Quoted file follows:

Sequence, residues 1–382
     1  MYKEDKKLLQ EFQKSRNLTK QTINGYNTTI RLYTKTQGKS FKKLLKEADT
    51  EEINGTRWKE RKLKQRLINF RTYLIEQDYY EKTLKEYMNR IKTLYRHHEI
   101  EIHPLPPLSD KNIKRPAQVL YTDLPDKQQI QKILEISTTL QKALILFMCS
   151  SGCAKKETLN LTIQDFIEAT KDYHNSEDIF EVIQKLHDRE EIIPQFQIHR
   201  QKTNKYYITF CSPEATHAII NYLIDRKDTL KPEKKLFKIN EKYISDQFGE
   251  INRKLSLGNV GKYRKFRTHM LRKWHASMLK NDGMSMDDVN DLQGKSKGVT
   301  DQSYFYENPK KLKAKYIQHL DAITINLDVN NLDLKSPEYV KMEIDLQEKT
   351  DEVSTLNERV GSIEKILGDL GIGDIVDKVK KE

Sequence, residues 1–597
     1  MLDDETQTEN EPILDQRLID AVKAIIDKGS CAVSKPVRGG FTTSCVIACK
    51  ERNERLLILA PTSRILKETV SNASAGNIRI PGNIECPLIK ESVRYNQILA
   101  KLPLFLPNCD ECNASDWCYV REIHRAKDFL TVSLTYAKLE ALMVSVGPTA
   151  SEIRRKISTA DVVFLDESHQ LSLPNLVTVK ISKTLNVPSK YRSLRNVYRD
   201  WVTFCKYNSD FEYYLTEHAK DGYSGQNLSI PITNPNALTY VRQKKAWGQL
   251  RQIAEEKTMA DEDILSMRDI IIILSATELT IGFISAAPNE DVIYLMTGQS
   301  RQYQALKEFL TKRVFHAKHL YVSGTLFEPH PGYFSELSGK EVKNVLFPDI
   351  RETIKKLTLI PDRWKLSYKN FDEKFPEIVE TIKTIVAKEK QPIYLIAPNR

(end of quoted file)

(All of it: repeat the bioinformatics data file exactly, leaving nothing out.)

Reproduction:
Sequence, residues 1–382
     1  MYKEDKKLLQ EFQKSRNLTK QTINGYNTTI RLYTKTQGKS FKKLLKEADT
    51  EEINGTRWKE RKLKQRLINF RTYLIEQDYY EKTLKEYMNR IKTLYRHHEI
   101  EIHPLPPLSD KNIKRPAQVL YTDLPDKQQI QKILEISTTL QKALILFMCS
   151  SGCAKKETLN LTIQDFIEAT KDYHNSEDIF EVIQKLHDRE EIIPQFQIHR
   201  QKTNKYYITF CSPEATHAII NYLIDRKDTL KPEKKLFKIN EKYISDQFGE
   251  INRKLSLGNV GKYRKFRTHM LRKWHASMLK NDGMSMDDVN DLQGKSKGVT
   301  DQSYFYENPK KLKAKYIQHL DAITINLDVN NLDLKSPEYV KMEIDLQEKT
   351  DEVSTLNERV GSIEKILGDL GIGDIVDKVK KE

Sequence, residues 1–597
     1  MLDDETQTEN EPILDQRLID AVKAIIDKGS CAVSKPVRGG FTTSCVIACK
    51  ERNERLLILA PTSRILKETV SNASAGNIRI PGNIECPLIK ESVRYNQILA
   101  KLPLFLPNCD ECNASDWCYV REIHRAKDFL TVSLTYAKLE ALMVSVGPTA
   151  SEIRRKISTA DVVFLDESHQ LSLPNLVTVK ISKTLNVPSK YRSLRNVYRD
   201  WVTFCKYNSD FEYYLTEHAK DGYSGQNLSI PITNPNALTY VRQKKAWGQL
   251  RQIAEEKTMA DEDILSMRDI IIILSATELT IGFISAAPNE DVIYLMTGQS
   301  RQYQALKEFL TKRVFHAKHL YVSGTLFEPH PGYFSELSGK EVKNVLFPDI
   351  RETIKKLTLI PDRWKLSYKN FDEKFPEIVE TIKTIVAKEK QPIYLIAPNR